• Good points. As someone who helped produce one of these videos I can say that it is difficult cramming it all in.

  • Seems consistent with the arguments advanced in Chandra Manning’s 2007 book “What This Cruel War Was Over”. Manning emphasizes the effects of the second Great Awakening in the northern states as engendering the concept of “American Exceptionalism” as religiously-based and realized as “union”.

    • In fact, Gallagher’s thesis stands in sharp contrast to that posed by Manning. Manning argues that early on in the war (before the Emancipation Proclamation) Union soldiers adopted emancipation as their primary goal. Gallagher suggests that it was union that the vast majority of soldiers fought primarily to preserve with the abolition of slavery as a means to that end.

      • In fact, a large part of Union War is devoted to critiquing What This Cruel War Was Over. Having read both books, I’m with Gallagher – I’d like to believe Manning’s thesis that antislavery was a major motivating factor for Union Army soldiers, but Gallagher is much more convincing that antislavery was never more than a minor strain within the Union Army. To be more precise, Gallagher’s thesis is that destroying slavery was seen by most as a means to preserving the Union, not an end in itself. The overwhelming indifference among the Northern public to the postwar welfare of the freedmen is sad corroboration of Gallagher’s view.

        • Manning’s book is well worth reading. I think her thesis is strongest when dealing with Union armies that operated out West, which came into contact much earlier with large slave populations earlier in the war compared with the Army of the Potomac.

        • James Harrigan wrote:
          “To be more precise, Gallagher’s thesis is that destroying slavery was seen by most as a means to preserving the Union, not an end in itself. ”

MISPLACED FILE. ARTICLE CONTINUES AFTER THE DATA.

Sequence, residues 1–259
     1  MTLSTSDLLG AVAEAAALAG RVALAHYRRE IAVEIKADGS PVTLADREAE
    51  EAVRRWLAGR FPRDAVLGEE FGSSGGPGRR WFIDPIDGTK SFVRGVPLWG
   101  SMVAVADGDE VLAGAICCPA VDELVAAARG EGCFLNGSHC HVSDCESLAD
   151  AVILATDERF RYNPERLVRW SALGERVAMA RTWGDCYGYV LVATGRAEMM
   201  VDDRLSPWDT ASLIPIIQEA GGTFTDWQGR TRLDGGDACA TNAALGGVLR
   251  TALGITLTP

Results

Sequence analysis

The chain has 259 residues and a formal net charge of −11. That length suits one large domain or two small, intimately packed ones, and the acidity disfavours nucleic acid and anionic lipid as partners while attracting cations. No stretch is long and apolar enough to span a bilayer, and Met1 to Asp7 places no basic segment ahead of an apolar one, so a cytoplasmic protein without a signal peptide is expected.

About the unionists, I wonder, “Why preserve the Union?” What from the unionist standpoint was it good for? Is there evidence that unionists placed a positive value on a national political brotherhood with slavelords, poor whites, and blacks? Is it possible that , in the unionist understanding, disunion threatened a huge disadvantages to the projected loyal US, that these disadvantages were so obvious to educated leaders that they required little discussion?

          In the slave states, the leaders *had* to “calculate the value of the union”, because union contained threats to their wealth and power. When they made that calculation, the outcome was secession. This kind of calculation didn’t come into play in the loyal states, because it was *disunion* that threatened their wealth and power.

          Thus what was needed in the loyal states was not explanations of the practical value of the union, or of the disadvantages of disunion. What was needed was an appeal to head off a visible threat.

  • From having studied one Pennsylvania county (Thaddeus Stevens’ congressional district, nonetheless) in depth, I wholeheartedly subscribe to Gallagher’s thesis. While the median soldier did not to war to end slavery directly, it’s rather impressive how frequently they referenced the mudsill idea from the “Cotton is King” speech or the political situation in Hungary or Italy.

    One thing that I’m not sure if Gallagher addresses, though, is how the idea of Union could be employed to anti-abolitionist ends, particularly in the context of Kansas. Democratic newspaper editors aggressively used a Union argument against people (Lutheran pastors, in a couple incidents that I have followed) who beginning to (finally) articulate an antislavery moral in response to the Kansas debate.

    Noting the strength and robustness of the Union argument in 1861, I wonder if if a Union with slavery could have persisted several decades had it not been for secession and Fort Sumter. It’s hard to see the median Northerner prioritizing abolition over Union for another generation or so.


Leave a Comment